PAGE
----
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On the Trail of Ancient Art

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An example of the rock art found in the Colorado Plateau.

Albright College religious studies professor Bill King, Ph.D., spent fall 2012 on sabbatical traversing the difficult terrain of the Colorado Plateau to find and document the rock art of ancient American Indians.

by Hilary Bentman

Getting a first-hand look at pre-historic American Indian rock art is not easy.

Though there are tens of thousands of sites in the American Southwest, their locations are largely unpublicized. Art seekers must venture away from towns and paved roads and hike into the high desert and wilderness, where they contend with daytime blistering heat and nighttime chills, not to mention the flashfloods and rattlesnakes.

Days can pass before they spot a fellow traveler, and cellphone reception is non-existent.

Instead, adventurers rely on handheld GPS devices, lots of water, persistence and a bit of luck as they scale cliffs and descend into canyons to find the paintings and chiseled creations left behind by ancient civilizations.

“Sometimes you climb up. Sometimes you climb down. You have to keep your eyes open,” said Albright College professor of religious studies Bill King, Ph.D. “It really is an adventure, a game to find it.”

King should know. He spent last fall on sabbatical in search of rock art. His travels took him to southeast Utah in the northern half of the Colorado Plateau, the area referred to as the Four Corners.

Accompanied by his wife, Janet, he explored and documented more than 100 rock art sites, many from Ancestral Puebloans, who lived there from about 2000 BCE to 1300 AD. The couple also visited 50 archaeological ruins, part of what the U.S. Bureau of Land Management calls an “outdoor museum.”

Over four months, King, who teaches a class on Native American religions, took more than 7,000 photographs and kept a blog documenting the experience, though finding a reliable Internet connection in this desolate region was an adventure in its own right. Back at Albright, he is incorporating his findings into his teaching.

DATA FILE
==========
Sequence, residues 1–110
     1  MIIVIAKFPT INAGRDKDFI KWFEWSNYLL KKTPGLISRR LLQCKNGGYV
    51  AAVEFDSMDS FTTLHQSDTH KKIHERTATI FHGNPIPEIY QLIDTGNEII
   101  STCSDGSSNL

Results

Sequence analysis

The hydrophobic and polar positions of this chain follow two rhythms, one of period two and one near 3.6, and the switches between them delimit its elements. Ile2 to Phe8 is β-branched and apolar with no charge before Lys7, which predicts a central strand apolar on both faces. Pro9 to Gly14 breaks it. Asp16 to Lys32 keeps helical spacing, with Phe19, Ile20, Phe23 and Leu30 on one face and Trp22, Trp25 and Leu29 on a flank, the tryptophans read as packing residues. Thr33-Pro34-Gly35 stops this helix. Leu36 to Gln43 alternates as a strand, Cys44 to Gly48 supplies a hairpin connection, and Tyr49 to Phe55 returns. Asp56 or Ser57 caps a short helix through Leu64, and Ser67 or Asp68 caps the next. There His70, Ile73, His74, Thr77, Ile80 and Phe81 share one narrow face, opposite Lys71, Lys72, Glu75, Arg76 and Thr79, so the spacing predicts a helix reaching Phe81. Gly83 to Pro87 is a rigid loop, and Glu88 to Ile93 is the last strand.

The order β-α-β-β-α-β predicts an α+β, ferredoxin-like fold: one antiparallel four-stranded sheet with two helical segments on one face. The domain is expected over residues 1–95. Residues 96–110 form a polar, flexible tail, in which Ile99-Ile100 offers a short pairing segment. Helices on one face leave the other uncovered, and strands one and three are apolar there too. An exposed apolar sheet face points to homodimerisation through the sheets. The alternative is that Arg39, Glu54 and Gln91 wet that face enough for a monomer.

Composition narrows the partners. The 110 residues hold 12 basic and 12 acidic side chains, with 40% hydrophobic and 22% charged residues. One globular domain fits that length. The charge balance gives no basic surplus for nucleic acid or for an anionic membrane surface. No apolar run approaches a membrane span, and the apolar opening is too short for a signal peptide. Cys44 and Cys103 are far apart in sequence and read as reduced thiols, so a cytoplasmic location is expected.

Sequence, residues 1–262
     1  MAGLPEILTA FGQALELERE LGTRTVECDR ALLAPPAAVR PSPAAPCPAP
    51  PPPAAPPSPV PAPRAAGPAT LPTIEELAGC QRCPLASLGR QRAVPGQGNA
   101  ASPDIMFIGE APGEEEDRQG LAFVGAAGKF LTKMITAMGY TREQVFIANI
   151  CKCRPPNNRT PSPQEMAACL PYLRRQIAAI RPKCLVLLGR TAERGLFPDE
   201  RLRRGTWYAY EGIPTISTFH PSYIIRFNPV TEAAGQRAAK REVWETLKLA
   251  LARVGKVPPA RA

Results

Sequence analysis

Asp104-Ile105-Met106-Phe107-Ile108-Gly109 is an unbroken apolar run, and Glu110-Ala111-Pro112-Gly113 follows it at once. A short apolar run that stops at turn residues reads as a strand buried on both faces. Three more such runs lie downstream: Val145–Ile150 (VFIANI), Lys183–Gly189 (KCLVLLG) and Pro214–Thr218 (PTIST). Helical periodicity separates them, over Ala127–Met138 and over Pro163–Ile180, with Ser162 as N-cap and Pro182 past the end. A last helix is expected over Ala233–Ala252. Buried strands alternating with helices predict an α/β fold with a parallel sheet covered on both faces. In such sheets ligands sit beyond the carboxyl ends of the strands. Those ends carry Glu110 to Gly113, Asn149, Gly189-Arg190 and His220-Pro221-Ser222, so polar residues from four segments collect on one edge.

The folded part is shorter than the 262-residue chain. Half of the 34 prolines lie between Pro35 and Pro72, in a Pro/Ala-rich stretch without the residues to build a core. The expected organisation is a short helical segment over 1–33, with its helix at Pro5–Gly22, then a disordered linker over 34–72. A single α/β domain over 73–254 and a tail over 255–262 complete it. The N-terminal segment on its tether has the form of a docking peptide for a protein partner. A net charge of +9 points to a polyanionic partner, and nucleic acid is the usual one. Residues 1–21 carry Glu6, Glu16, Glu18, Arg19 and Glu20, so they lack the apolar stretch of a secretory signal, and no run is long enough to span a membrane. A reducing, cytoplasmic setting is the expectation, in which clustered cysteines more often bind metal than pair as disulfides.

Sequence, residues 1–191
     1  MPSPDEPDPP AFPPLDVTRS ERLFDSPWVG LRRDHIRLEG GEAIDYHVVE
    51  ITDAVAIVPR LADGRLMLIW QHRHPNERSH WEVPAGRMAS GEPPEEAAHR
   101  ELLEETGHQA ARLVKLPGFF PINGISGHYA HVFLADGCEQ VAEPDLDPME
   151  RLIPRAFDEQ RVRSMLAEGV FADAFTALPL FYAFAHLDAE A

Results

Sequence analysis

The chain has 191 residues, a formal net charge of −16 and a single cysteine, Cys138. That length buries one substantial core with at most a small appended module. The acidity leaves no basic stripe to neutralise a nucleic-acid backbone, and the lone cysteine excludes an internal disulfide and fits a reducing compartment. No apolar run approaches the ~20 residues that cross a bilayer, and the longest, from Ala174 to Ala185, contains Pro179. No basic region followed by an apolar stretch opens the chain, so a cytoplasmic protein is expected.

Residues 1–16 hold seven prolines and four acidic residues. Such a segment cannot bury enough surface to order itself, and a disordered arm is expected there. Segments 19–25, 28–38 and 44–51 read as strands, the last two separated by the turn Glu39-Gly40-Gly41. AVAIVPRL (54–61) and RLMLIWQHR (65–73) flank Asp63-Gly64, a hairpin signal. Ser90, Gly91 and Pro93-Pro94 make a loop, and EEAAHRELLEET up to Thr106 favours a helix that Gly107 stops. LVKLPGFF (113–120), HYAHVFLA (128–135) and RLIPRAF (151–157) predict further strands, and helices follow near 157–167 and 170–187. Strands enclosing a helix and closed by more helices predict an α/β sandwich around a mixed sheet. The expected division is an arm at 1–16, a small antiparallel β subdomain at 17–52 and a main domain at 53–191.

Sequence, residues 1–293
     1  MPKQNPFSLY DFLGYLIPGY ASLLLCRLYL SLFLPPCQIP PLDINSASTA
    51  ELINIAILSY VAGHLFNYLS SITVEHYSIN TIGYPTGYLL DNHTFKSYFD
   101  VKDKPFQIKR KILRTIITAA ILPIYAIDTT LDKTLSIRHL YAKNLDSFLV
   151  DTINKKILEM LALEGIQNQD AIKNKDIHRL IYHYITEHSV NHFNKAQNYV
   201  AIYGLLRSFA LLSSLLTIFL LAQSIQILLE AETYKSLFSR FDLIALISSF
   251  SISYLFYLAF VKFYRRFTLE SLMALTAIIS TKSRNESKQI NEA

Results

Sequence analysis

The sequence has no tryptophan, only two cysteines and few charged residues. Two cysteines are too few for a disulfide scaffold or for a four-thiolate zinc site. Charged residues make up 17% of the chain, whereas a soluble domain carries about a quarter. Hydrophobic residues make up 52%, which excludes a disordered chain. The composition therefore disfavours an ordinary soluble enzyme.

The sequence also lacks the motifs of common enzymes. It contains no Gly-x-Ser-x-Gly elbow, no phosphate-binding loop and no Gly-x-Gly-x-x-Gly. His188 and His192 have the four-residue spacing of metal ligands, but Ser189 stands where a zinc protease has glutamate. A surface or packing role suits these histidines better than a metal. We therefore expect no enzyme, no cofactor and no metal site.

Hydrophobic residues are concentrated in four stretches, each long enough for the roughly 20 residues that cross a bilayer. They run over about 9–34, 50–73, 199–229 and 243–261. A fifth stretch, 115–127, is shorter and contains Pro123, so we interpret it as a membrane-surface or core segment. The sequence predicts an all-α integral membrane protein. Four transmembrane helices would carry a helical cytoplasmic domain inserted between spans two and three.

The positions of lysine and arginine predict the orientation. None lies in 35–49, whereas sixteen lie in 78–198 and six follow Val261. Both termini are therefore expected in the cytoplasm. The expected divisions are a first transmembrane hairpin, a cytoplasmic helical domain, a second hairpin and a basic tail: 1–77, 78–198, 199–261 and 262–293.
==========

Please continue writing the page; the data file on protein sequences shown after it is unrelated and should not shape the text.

The rock art, some of which dates back 4,000 years, is a combination of pictographs (some in color) and petroglyphs. Some images are tiny and isolated; others are life-size and spread out on panels extending a quarter-mile long. Animals, particularly serpents, and human-like images or anthropomorphs, are common motifs. King blogs about the “Moab Man,” an anthropomorph:

There are thousands of these sorts of figures in Utah, but no one figure is like any other. Sort of like snowflakes. And the image persists over centuries of rock artistry. Are they humans, imaginative beings, masked ceremonial leaders, shamans, or what? Part of the puzzle.

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Rock art seekers must navigate the vast and difficult terrain of the Colorado Plateau.

Scholars and laypeople alike have attempted to interpret the art, offering explanations ranging from shamanism to extraterrestrial influence.

But King said a contemporary audience can never truly discern the meaning. Instead, he views the images through a “geo-religious” lens, examining the art in terms of where it is found in an attempt to connect the physical landscape with the cultural one. American Indians perceive the landscape, from trees to mountains, as having spiritual qualities and the location of the rock art suggests a spiritual significance.

King blogs:

As we approach each panel of ancient petroglyphs, we keep in mind that many of these sites may have been quite sacred. Even if other sites may have had more pragmatic functions, they put us directly in touch with the mind and imaginations of an ancient civilization. The precise manner in which the petroglyphs and pictographs were made indicates that they were important to their creators. [People assume that] some rock art is mere doodling. What we are finding is a form of graphic art that was meticulous, creative, expressive, and required technical skill.  

And the rock art sites continue to possess a spiritual aura, both for today’s Pueblo Indians, as well as for outsiders, said King. “You’re standing there in front of these things. People are speechless. It’s like being in church,” he said. “There is a feeling that these are special places.”

Scholarly interest in rock art took off in the 1980s, spurred by a younger generation of archaeologists, anthropologists and other researchers who viewed the art as a way to understand ancient cultures, religious beliefs and social constructs.

King said the rock art also illustrates the diversity of the Colorado Plateau people, which included hunters and warriors, masons and skilled basket makers. The art also hints at connections with other peoples, including the Mayans.

King acknowledges that prior to his sabbatical he knew little of this region, its ancient peoples or their art. His previous research has been focused on 19th and 20th century American religious experiences and native peoples’ contact with Euro-Americans. Much of his research has been conducted in stuffy archives, poring over diaries, letters and other printed materials, a far cry from the vast, airy expanse of the Colorado Plateau.

Through this experience, King said he has developed a greater understanding of Pueblo culture. He hopes to give a presentation to the Albright community about the rock art and is considering penning articles on the subject. But more than that, King is eager to return to the desert to continue his search for these ancient creations.

 “The story is not over,” he said.

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